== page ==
Pet training tips demand that your dog behave itself around guests, so the guest feels welcome and does not have to worry about anything from annoying barking to growls and even biting attempts. So, which pet training tips apply here? A puppy does not yet have much experience with people aside from you and your family, so you are encouraged to introduce your puppy to many different people of both sexes, different sizes, and different appearances. Why the variety? This helps puppies get used to the fact that people are highly diverse, and not have an artificially narrow idea of what a person is like. For example, if you are a petite woman living with your daughter, and then your large and boisterous brother happens to visit, your dog might be frightened since your brother is much different from you. But make sure that the various people your puppy meets are all friendly and offer a positive experience for your puppy, because mistreatment may cause your puppy to simply be afraid of strangers instead.
Often, you can give your puppy plenty of exposure to other people (and the world at large) when you take it for a walk (be sure your dog doesn’t get too tired). Outside, the puppy can meet just about anyone, and also get used to seeing and hearing cars. When other people pet your dog, make sure they do so gently, and make sure they only pet your dog on the head or back or scratch its chin (and generally keep their hands where you can see them). If you have a fairly busy schedule, ask a dog sitter to take your dog on walks so it can get used to seeing other people.
All of this and more will allow your dog to be friendly when workers arrive at your property for first floor remodel jobs, for example. Or, if you hired tree trimming crews or a tree pruning professional, your dog should be at ease having strangers in your front or back yard with it. Workers are not only strangers, but they are walking all around your property and are making strange sounds and scents with their tools, paint, and other items. This may be terrifying or alarming for a dog who’s not ready for it, so be sure your dog is acclimated to other people. As mentioned earlier, a cat is most likely to run off and hide somewhere for the entire duration, so this may be a moot point for them. If your cat does come out while strangers are around, watch over your feline and make sure it doesn’t try to scratch anyone.
Pet Training Tips: Other Dogs and Cats
Sometimes, pet training tips tell you what to do if your animal comes into contact with other pets as opposed to other people, and there are a few scenarios where this becomes relevant. For example, you adopt a second dog or cat and the first one must get used to the newcomer, or a friend visits with their dog or your dog meets other canines at the park. Bear in mind that dogs and cats may act differently around strangers of their own kind than other people, both in positive and negative ways. You must be ready for your pet to treat other animals politely and safely.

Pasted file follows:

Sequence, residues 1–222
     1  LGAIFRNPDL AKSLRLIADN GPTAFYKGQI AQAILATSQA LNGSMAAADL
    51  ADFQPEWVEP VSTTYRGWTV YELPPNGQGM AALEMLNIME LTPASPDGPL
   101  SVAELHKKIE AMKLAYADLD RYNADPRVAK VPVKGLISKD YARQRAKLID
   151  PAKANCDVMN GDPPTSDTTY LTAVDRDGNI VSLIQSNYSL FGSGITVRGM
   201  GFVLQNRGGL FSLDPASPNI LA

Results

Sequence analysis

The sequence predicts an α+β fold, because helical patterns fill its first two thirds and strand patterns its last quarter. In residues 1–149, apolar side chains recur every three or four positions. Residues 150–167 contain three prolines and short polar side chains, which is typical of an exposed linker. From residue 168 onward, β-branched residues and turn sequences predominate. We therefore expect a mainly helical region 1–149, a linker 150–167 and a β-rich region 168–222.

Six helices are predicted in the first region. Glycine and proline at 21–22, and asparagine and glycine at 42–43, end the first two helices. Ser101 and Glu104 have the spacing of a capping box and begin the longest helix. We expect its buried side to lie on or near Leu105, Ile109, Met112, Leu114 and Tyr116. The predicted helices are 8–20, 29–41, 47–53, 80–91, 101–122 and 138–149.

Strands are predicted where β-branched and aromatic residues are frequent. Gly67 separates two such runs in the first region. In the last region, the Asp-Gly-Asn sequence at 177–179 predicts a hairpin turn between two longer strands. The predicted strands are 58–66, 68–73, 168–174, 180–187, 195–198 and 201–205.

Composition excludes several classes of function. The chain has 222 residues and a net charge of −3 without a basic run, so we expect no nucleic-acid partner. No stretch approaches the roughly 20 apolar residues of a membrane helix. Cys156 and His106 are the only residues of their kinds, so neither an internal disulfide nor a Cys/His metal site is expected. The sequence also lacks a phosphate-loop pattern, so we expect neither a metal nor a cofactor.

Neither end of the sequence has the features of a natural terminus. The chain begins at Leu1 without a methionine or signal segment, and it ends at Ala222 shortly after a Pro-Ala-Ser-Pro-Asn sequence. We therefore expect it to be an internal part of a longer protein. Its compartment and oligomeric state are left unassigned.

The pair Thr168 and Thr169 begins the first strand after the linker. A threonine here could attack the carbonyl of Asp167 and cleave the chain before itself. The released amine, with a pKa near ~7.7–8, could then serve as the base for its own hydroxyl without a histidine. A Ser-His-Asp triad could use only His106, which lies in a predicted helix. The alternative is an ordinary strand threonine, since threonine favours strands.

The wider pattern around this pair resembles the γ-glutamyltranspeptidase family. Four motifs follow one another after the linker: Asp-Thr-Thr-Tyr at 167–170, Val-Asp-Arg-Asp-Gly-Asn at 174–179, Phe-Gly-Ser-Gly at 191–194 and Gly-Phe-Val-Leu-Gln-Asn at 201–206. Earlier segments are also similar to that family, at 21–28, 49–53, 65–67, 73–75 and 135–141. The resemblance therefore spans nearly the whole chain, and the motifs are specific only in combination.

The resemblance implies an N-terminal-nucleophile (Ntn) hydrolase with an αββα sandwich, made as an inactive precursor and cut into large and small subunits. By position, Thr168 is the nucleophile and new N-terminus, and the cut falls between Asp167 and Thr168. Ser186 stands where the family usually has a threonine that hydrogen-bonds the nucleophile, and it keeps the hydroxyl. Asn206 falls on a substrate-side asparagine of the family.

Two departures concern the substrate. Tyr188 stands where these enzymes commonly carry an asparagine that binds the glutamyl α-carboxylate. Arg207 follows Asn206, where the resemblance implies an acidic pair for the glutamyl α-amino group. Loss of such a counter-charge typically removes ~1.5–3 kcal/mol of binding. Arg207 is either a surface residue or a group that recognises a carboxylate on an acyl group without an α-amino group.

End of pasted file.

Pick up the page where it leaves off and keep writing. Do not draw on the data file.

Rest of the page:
Puppies and kittens can be acclimated to other pets just the way they can get used to other people. During these early days, it is important that dogs (and often cats) learn how to properly meet other members of their species, or they may end up aggressive or fearful during each meeting. So, you can take your dog to a park and give it positive experiences of meeting other well-behaved dogs, and you can also take your dog to a dog daycare center. There, the employees will know how to handle dogs and get them to get along, and break up potential fights or other bad situations. And as with meeting people, your dog or cat should meet a variety of animals, such as large and big dogs alike, so it doesn’t get confused later on. Your pet should have holistic knowledge of what dogs are like, from Pomeranians to Schnauzers to German Shepherds and border collies, and beyond. Take note that puppies older than 18 weeks may be much slower to get used to other animals if you start this process so late. Earlier is better.
Pet Training Tips: Preventing and Dealing With Trouble
Naturally, you want what’s best for your pet, and you will make all of its experiences positive. Still, problems might come up, anything from an aggressive or badly behaved dog to animals facing off or a person who doesn’t handle pets well. Fortunately, there are well-documented ways to read your pet’s body language, and correctly know what it’s thinking or feeling even though it can’t speak a word.
When your dog or cat is hostile, afraid, or stressed, there is clear body language that you can read. A cat may be more obvious, such as aching its back and puffing up its fur on its back and tail to make itself appear larger. And of course, cats will make their distinctive hisses, and they may do this at people and animals alike who annoy them. Cats are likely to growl, too, and flatten their ears (probably so a hostile animal has more difficulty trying to bite them). Dogs, meanwhile, may growl or bark when hostile, and their fur might stand on end, too. As for fear, a dog will express its fear or stress by means of showing the whites of its eyes, licking its lips, or even yawning. Your dog might also cower and tuck in its tail, or avert its gaze. Stressed or afraid dogs are also known to hold their body rigid while rapidly wagging their tail.
Don’t strike or yell at your dog when it acts this way, or it may simply bite at you to defend itself. Instead, pet training tips urge you to remove your pet from any compromising situation, and other pet owners should do the same (such as if your dog is hostile towards or afraid of your friend’s dog). If a normally docile dog starts acting like this often, take it to the vet, since your dog may be suffering an issue. It may anything from brain cancer to pain and stress from an injury to epilepsy, and more.
Being a pet owner means enforcing good behavior in your dog or cat, so that it is polite and safe around people and other pets both at home and outside. Doing this can keep your pet happy and prevent stress, and allows other people to have fun meeting your pet. This can also help prevent messes or damage in the home, and allow visiting workers to work in peace.